في ليلة .. ليلاء
.. تخاطب الشموع
عن وحشة الجفاء..
دموع جرح الكبرياء
في ليلة .. ليلاء
يا ليل ..
و قف معي في محنتي
يا ليل .. إني أحبهم
و صرت عندهم كباقي الأشياء
one dad would say, "The love of money is the root of all evil." The other, "The lack of money is the root of all evil."
One of the reasons the rich get richer, the poor get poorer, and the middle class struggles in debt is because the subject of money is taught at home, not in school. Most of us learn about money from our parents. So what can a poor parent tell their child about money? They simply say, "Stay in school and study hard." The child may graduate with excellent grades but with a poor person's financial programming and mind-set. It was learned while the child was young.
One dad had a habit of saying, "I can't afford it." The other dad forbade those words to be used. He insisted I say, "How can I afford it?" One is a statement, and the other is a question. One lets you off the hook, and the other forces you to think. My soon-to-be rich dad would explain that by automatically saying the words "I can't afford it," your brain stops working. By asking the question, "How can I afford it?" your brain is put to work. He did not mean buy everything you want. He was fanatical about exercising your mind, the most powerful computer in the world. "My brain gets stronger everyday because I exercise it. The stronger it gets, the more money I can make." He believed that automatically saying "I can't afford it" was a sign of mental laziness.
My two dads had opposing attitudes in thought. One dad thought that the rich should pay more in taxes to take care of those less fortunate. The other said, "Taxes punish those who produce and reward those who don't produce."
One dad recommended, "Study hard so you can find a good company to work for." The other recommended, "Study hard so you can find a good company to buy."
One dad said, "The reason I'm not rich is because I have you kids." The other said, "The reason I must be rich is because I have you kids."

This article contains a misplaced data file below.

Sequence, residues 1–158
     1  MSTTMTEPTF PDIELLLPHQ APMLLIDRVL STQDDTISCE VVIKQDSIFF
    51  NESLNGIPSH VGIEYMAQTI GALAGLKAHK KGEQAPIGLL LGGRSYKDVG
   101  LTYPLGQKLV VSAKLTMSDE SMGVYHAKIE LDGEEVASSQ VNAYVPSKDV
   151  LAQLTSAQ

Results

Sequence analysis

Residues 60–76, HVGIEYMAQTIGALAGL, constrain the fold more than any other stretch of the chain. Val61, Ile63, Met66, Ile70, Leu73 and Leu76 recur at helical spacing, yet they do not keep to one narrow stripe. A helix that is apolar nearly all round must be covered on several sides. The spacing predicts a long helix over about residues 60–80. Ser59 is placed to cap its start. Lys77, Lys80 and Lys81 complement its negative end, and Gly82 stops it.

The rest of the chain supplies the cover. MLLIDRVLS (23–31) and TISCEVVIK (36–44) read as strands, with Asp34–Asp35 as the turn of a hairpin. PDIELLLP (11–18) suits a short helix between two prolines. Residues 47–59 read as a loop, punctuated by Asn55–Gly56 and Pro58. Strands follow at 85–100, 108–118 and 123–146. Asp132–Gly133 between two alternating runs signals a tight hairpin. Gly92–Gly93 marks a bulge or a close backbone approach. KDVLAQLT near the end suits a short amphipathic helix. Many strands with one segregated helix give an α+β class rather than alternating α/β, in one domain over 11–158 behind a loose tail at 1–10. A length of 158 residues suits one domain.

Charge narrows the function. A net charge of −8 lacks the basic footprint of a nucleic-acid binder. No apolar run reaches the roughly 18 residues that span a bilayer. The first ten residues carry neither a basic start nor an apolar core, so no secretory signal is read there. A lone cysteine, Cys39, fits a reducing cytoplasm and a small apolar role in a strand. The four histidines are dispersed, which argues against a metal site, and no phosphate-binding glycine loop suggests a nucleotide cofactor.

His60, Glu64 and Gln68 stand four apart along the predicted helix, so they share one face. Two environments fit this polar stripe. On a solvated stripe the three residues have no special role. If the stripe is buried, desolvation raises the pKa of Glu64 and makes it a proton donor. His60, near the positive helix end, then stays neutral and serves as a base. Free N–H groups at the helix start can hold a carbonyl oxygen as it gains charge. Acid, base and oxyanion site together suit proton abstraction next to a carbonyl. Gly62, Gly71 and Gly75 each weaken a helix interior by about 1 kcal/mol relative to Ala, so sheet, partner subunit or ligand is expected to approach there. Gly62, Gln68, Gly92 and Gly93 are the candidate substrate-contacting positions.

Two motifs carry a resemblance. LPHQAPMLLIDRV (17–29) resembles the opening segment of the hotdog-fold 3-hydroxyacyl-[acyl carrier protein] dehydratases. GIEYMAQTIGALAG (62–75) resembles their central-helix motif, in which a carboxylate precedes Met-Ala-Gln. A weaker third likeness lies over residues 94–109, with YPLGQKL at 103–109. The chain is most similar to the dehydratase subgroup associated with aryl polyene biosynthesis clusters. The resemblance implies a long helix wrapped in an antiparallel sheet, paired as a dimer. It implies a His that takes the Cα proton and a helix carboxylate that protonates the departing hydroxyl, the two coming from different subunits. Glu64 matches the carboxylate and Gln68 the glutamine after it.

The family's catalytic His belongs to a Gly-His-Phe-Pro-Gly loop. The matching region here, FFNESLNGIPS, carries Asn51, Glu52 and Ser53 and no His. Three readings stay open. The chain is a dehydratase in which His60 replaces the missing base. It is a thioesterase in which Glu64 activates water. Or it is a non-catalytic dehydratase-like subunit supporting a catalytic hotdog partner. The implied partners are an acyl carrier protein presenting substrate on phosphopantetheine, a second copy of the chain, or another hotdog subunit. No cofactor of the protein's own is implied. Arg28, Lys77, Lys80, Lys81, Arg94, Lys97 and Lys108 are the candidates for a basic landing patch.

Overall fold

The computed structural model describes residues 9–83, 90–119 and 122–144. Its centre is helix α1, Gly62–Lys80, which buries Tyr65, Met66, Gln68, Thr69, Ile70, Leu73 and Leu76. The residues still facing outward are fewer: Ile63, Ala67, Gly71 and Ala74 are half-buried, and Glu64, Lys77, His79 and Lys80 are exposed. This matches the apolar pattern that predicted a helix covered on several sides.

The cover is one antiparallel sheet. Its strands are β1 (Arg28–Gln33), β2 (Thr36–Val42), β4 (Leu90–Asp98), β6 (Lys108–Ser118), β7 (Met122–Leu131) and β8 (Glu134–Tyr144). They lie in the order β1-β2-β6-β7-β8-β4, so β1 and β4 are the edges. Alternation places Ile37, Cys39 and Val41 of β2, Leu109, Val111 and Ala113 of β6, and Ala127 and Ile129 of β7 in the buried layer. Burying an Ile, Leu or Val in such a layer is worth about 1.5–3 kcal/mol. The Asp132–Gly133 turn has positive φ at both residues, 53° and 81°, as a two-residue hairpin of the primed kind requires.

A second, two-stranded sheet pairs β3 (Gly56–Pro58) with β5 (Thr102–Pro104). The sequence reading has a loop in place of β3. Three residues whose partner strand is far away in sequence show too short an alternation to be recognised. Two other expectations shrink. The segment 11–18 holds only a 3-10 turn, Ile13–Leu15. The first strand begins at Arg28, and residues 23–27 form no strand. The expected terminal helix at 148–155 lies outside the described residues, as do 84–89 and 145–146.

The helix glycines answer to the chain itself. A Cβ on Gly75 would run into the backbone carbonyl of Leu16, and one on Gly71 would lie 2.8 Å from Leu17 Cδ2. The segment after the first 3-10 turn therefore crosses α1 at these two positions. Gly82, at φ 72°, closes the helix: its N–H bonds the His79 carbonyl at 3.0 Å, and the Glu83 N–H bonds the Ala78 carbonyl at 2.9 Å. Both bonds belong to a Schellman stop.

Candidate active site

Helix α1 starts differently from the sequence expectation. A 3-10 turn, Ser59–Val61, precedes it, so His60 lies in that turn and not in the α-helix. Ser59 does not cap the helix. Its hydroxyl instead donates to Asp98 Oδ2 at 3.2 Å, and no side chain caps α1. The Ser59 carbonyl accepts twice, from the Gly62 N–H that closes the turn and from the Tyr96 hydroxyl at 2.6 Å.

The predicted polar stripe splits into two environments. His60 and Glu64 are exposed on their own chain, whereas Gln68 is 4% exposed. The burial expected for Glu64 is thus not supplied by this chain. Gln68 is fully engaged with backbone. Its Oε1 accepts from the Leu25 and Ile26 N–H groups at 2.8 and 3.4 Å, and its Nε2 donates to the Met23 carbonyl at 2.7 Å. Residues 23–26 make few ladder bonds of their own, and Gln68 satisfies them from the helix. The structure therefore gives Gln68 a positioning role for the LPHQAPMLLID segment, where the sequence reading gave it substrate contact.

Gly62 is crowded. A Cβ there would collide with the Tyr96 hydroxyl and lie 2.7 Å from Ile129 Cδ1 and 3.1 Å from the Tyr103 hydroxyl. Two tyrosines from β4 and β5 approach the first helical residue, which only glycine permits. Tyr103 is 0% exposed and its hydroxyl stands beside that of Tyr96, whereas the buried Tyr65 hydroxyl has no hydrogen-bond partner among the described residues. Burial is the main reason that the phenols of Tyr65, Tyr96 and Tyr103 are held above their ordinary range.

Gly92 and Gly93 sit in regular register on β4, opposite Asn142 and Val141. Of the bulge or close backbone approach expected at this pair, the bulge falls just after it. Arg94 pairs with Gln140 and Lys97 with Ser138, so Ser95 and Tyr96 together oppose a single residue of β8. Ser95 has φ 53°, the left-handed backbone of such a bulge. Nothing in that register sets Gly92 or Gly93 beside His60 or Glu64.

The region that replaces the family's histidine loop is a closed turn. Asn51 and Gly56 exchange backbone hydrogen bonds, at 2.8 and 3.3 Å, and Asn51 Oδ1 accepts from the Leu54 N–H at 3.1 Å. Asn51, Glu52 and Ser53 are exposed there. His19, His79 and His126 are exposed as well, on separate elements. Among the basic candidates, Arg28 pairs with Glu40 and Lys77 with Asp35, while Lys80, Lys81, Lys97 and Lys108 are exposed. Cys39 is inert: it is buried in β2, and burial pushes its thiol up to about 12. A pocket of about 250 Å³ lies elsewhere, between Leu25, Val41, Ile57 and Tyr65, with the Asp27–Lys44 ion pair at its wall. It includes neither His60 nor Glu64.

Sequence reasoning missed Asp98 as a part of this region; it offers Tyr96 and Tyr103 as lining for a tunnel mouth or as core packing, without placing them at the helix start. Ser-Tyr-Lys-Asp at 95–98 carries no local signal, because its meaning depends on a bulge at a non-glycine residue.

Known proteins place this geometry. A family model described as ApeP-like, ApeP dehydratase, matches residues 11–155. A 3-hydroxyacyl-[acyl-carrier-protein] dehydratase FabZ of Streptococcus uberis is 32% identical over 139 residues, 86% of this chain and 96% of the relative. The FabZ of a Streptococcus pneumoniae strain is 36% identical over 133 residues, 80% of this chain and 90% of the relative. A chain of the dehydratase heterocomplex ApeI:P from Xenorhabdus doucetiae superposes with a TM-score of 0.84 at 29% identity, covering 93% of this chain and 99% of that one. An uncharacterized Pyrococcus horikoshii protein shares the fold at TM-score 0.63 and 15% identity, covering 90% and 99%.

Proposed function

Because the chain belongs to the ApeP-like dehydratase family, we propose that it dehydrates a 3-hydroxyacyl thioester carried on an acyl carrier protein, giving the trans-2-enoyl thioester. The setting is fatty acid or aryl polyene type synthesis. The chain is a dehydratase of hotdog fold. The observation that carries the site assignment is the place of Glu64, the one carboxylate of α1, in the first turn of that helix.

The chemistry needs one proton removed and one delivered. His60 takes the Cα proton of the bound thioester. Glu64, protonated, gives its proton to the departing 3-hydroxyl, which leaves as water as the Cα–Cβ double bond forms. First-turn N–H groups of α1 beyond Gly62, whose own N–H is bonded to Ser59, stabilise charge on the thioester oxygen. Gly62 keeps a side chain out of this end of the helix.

One encouraged talking about money and business at the dinner table. The other forbade the subject of money to be discussed over a meal.
One said, "When it comes to money, play it safe, don't take risks." The other said, "Learn to manage risk."
One believed, "Our home is our largest investment and our greatest asset." The other believed, "My house is a liability, and if your house is your largest investment, you're in trouble."
Both dads paid their bills on time, yet one paid his bills first while the other paid his bills last.
One dad believed in a company or the government taking care of you and your needs [...] The other believed in total financial self-reliance. He spoke out against the "entitlement" mentality and how it was creating weak and financially needy people. He was emphatic about being financially competent.
One dad struggled to save a few dollars. The other simply created investments.
One dad taught me how to write an impressive resume so I could find a good job. The other taught me how to write strong business and financial plans so I could create jobs.
My poor dad would also say, "I'm not interested in money" or "Money doesn't matter." My rich dad said, "Money is power."
[my rich dad] encouraged me to study to be rich, to understand how money works and to learn how to have it work for me. "I don't work for money!" were words he would repeat over and over, "Money works for me!"
I told you last night that I might be gone sometime, and you said, Where, and I said, To be with the Good Lord, and you said, Why, and I said, Because I'm old, and you said, I don't think you're old. And you put your hand in my hand and you said, You aren't very old, as if that settled it. I told you you might have a very different life from mine, and from the life you've had with me, and that would be a wonderful thing, there are many ways to live a good life. And you said, Mama already told me that. And then you said, Don't laugh! because you thought I was laughing at you. You reached up and put your fingers on my lips and gave me that look I never in my life saw on any other face besides your mother's. It's a kind of furious pride, very passionate and stern. I'm always a little surprised to find my eyebrows unsinged after I've suffered one of those looks. I will miss them.
- Gilead by Marilynne Robinson